The End Of Prozac Nation: Why Psychobiotics Are The Brilliant Future Of Psychiatry

by • November 21, 2013 • Neuroscience, ScienceComments (0)3540

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Humans have been searching for stimulating chemicals for thousands of years.  Our quest for a natural high led us to the Areca tree (betel nut), the poppy (opium), and the coca plant (cocaine) — all in the natural world.  Then in the 20th century we discovered that we could create our own stimulating chemicals from scratch in the lab — the first being LSD in 1938.  This discovery of LSD led to years of research into mind-altering chemicals, and we soon discovered the next breakthrough in the form of 3-(p-trifluoromethylphenoxy)-N-methyl-3-phenylpropylamine, which later became known as Prozac, the miraculous new wonder drug.

In recent years, however, there has been a research trend leaning towards a more natural psychiatric wonder drug.  This research has led to exciting new discoveries in what’s known as “psychobiotics”.  Jason Tetro of Popular Science writes: “a psychobiotic is ‘a live organism that, when ingested in adequate amounts, produces a health benefit in patients suffering from psychiatric illness.’  These live organisms are comprised not only of probiotics but also other bacteria known to produce psychotropic signals such as serotonin and dopamine.  While this concept may raise some eyebrows, this postulate has credence.  There have been several examples in humans where the introduction of a probiotic has led to improvement of moodanxiety and even chronic fatigue syndrome.  But there appears to be a disconnect between the idea of ingesting a bacterium that stays in the gut and psychiatric behavior, which is controlled by the brain.  The answer lies in the fact that many psychiatric illnesses are immunological in nature through chronic low level inflammation.  There is a plethora of evidence showing the link between gut microbiota and inflammation and studies on probiotic strains have revealed their ability to modulate inflammation and bring back a healthy immunological function.  In this regard, by controlling inflammation through probiotic administration, there should be an effect of improved psychiatric disposition.”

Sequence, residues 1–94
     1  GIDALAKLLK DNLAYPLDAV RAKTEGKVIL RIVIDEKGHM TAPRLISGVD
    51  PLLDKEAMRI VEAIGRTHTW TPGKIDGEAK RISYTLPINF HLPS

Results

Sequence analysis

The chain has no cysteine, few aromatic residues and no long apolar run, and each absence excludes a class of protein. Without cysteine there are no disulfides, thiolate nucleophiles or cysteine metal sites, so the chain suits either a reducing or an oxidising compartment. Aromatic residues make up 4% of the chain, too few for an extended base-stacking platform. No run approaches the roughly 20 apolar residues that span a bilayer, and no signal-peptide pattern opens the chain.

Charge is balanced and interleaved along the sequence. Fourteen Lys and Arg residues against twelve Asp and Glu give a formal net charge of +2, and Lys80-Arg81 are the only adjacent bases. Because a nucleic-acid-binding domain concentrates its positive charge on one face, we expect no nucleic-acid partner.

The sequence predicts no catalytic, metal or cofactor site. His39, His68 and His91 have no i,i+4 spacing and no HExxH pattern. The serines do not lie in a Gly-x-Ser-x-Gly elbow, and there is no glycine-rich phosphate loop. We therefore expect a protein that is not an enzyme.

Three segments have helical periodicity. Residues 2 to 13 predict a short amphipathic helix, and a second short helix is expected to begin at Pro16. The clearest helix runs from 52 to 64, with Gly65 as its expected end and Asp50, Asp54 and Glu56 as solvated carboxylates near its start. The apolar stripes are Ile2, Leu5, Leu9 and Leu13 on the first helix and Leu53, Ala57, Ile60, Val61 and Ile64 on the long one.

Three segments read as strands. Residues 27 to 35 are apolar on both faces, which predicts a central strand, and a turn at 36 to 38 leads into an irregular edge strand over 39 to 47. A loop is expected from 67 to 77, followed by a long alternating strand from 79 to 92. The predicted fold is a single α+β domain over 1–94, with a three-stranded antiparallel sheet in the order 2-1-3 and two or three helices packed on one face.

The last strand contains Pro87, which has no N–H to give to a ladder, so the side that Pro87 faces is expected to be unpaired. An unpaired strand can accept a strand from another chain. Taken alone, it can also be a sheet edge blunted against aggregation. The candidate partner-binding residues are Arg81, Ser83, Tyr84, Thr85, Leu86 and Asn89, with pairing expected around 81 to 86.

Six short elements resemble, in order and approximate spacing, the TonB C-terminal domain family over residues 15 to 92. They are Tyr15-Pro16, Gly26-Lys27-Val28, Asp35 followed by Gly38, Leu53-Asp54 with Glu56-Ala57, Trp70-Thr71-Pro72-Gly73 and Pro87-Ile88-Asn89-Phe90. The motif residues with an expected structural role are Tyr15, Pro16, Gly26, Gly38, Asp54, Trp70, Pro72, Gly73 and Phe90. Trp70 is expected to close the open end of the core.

You can read the full story by visiting PopSci.com.  I’m not sure what Terrence McKenna would have thought about psychobiotics, but I’m guessing he would have thought this to be a research rabbit hole most definitely worth traveling through.

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